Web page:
Falling behind: Rising need for Medicaid, but Less State Funding Since Great Recession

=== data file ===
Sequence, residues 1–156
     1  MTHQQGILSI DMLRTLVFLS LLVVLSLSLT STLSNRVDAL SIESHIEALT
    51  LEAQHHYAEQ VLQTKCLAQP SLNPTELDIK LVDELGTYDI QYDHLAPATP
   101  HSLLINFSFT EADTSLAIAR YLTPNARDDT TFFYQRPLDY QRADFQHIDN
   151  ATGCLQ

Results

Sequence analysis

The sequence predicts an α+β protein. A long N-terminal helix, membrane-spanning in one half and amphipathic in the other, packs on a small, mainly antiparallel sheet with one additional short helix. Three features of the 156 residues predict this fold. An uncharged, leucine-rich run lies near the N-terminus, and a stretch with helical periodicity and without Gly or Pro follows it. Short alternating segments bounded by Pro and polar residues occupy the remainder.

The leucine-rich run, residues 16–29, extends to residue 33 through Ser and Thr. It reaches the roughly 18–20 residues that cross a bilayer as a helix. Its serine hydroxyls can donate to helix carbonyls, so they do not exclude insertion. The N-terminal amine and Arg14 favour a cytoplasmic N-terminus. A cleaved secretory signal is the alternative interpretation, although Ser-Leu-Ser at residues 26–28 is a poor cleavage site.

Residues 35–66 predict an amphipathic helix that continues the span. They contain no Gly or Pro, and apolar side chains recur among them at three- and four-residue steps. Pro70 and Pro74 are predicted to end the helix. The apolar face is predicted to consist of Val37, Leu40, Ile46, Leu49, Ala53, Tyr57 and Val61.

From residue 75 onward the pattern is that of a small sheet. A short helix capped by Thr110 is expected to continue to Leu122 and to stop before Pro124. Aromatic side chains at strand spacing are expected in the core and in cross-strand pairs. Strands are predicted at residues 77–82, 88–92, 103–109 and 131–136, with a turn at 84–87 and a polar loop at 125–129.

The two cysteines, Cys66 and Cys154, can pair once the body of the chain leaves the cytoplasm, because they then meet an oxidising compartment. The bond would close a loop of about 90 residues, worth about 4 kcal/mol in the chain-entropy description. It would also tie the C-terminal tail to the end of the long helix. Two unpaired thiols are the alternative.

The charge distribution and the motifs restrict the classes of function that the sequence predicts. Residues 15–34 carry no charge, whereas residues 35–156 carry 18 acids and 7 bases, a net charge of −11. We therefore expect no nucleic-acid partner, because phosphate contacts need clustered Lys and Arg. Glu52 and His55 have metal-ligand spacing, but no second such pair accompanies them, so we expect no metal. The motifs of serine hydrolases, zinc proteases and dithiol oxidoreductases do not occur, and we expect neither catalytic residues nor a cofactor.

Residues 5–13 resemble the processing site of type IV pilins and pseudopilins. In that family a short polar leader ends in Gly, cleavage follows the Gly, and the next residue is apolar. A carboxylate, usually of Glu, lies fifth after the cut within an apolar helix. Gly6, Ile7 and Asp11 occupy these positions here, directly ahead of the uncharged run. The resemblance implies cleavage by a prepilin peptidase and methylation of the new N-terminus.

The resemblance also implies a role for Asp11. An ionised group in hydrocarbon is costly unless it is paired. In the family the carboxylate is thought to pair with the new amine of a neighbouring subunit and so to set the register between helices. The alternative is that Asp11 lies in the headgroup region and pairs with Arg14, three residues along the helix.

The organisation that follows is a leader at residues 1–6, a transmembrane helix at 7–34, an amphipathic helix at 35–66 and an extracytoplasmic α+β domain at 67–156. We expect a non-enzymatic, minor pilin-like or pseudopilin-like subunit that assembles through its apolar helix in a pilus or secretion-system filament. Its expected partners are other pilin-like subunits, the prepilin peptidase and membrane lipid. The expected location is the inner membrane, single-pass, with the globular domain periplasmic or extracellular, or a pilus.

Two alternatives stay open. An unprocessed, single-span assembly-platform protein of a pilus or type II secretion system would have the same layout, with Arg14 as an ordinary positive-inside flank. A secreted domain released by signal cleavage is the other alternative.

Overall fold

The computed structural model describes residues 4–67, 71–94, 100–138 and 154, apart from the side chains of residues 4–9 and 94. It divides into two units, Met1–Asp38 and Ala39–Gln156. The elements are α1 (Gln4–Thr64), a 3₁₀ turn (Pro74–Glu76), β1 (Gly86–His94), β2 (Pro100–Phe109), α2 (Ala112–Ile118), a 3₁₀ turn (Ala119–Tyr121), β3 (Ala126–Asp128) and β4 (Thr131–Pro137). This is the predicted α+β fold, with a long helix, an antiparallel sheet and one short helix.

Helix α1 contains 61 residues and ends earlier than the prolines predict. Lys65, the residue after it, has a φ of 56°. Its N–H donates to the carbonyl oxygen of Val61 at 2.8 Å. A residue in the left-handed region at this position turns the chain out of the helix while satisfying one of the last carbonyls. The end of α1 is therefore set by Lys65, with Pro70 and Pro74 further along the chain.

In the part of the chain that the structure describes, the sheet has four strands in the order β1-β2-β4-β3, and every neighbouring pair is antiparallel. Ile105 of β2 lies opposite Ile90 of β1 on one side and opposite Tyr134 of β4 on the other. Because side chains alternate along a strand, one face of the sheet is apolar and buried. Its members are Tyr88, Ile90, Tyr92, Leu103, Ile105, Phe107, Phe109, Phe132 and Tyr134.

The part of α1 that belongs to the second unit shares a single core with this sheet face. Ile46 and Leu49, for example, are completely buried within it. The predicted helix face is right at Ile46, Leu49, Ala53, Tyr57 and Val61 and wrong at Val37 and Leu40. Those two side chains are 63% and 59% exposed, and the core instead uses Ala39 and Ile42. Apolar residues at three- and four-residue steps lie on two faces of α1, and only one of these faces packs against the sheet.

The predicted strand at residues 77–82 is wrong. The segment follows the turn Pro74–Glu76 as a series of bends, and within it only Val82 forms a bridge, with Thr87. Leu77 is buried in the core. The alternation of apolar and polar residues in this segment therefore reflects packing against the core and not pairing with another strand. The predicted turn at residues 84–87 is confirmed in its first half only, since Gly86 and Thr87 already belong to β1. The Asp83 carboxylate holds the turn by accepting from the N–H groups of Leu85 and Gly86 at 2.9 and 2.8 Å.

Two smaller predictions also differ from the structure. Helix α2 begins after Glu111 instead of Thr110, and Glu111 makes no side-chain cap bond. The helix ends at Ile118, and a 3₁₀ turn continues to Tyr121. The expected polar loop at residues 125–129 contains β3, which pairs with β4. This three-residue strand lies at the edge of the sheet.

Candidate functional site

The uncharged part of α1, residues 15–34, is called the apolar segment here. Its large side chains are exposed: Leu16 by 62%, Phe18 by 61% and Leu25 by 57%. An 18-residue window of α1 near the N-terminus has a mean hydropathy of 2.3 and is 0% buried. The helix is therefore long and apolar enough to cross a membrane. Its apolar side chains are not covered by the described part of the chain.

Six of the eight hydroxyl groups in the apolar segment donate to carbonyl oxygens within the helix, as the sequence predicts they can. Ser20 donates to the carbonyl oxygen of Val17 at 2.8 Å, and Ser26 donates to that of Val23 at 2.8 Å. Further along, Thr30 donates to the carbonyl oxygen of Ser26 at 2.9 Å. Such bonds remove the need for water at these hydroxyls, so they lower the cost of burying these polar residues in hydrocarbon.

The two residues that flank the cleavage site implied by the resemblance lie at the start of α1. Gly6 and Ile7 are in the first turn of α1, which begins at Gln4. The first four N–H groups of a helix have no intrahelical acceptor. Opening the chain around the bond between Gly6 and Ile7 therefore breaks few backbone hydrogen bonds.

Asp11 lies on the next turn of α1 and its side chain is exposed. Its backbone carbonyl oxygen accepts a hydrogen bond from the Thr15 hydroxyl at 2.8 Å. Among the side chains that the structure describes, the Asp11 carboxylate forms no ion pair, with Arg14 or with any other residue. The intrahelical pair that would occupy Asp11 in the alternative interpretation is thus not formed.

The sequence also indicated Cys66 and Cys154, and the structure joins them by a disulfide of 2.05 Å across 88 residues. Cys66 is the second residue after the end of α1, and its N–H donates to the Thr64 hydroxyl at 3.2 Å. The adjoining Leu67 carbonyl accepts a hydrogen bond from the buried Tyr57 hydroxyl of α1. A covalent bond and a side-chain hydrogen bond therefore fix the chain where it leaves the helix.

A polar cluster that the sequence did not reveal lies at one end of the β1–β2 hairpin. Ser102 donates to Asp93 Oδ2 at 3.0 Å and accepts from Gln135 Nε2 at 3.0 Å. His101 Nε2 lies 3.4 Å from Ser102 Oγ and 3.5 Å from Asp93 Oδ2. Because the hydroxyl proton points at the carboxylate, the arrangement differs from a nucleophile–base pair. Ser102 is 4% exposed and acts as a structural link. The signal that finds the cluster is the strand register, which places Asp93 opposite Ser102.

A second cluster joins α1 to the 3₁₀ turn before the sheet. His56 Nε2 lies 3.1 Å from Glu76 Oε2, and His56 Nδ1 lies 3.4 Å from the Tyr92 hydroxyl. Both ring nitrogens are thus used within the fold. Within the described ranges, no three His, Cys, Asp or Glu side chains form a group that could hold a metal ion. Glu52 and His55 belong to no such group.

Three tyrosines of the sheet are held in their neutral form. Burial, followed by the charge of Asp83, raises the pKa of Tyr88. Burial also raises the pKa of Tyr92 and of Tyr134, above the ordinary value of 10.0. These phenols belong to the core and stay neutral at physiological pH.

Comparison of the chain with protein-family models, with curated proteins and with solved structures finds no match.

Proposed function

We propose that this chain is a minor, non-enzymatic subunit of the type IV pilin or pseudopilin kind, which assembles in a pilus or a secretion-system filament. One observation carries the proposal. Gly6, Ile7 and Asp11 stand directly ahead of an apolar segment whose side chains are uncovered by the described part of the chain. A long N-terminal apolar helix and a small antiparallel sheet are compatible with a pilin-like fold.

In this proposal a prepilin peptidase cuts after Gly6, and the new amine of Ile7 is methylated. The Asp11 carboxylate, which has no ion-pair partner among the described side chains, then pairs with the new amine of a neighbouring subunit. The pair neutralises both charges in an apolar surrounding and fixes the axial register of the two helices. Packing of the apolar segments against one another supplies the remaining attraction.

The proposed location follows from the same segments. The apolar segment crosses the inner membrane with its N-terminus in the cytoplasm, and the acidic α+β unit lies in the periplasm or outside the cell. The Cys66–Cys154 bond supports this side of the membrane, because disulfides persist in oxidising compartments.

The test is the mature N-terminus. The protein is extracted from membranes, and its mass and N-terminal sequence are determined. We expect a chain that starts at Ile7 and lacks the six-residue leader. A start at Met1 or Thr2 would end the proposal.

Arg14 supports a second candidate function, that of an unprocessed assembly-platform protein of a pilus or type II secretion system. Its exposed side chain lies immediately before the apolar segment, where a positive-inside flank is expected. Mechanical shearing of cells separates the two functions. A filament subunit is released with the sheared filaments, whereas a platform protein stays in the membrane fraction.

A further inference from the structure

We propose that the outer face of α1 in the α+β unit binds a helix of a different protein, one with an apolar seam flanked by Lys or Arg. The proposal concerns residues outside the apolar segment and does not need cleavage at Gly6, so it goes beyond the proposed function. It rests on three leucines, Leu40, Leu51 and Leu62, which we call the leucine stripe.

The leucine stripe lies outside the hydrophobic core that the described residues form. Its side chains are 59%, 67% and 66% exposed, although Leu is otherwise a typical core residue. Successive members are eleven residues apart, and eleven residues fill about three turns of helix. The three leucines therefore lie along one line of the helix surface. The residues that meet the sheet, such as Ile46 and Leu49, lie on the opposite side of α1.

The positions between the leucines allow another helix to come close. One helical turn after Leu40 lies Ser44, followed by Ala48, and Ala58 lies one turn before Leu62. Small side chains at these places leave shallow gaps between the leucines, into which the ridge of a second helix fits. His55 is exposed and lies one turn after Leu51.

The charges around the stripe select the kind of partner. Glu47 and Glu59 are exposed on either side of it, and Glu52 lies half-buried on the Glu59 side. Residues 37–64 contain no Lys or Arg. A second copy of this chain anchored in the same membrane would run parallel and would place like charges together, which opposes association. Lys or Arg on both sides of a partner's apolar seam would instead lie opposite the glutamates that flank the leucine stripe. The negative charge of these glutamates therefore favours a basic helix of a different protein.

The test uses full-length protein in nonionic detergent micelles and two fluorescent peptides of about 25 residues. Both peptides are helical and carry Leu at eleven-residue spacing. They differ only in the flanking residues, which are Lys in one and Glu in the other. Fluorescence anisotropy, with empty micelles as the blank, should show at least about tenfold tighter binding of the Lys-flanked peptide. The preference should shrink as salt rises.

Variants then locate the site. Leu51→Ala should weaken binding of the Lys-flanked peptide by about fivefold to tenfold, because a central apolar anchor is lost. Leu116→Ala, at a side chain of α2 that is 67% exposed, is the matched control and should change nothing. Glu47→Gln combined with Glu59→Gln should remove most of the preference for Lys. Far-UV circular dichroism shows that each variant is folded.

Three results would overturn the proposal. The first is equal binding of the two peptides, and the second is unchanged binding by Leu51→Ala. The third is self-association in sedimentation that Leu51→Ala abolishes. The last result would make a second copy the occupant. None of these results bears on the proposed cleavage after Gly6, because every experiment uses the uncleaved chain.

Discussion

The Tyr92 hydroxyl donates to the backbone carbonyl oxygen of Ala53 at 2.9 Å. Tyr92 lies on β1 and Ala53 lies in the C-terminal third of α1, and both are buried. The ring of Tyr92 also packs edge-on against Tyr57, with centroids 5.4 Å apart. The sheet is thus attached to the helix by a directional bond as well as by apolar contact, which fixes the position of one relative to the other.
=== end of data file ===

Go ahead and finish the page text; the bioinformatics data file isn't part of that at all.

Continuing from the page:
In the worst economic downturn since the 1930s, the Great Recession destroyed hundreds of thousands of North Carolina jobs, driving up unemployment and underemployment even as the national economy entered a formal recovery. As workers lost their jobs and watched their incomes drop, many also lost their employer-provided health insurance or saw the cost of private health insurance move beyond their reach. As a result, demand for Medicaid—the Federal-State partnership that provides medical care for low- and middle-income people—exploded, as the number of individuals with sufficiently low incomes to be eligible for the program grew by 27 percent from the first Fiscal Year of the Recession (FY2007-08) through the current Fiscal Year (FY 2012-13). At the same time as the need for Medicaid exploded, the state decided to reduce the resources available to meet those needs, cutting the Medicaid budget by 6 percent over the same period and requiring patients, doctors, hospitals, and clinics to serve the health care needs of North Carolinians with significantly reduced financial support.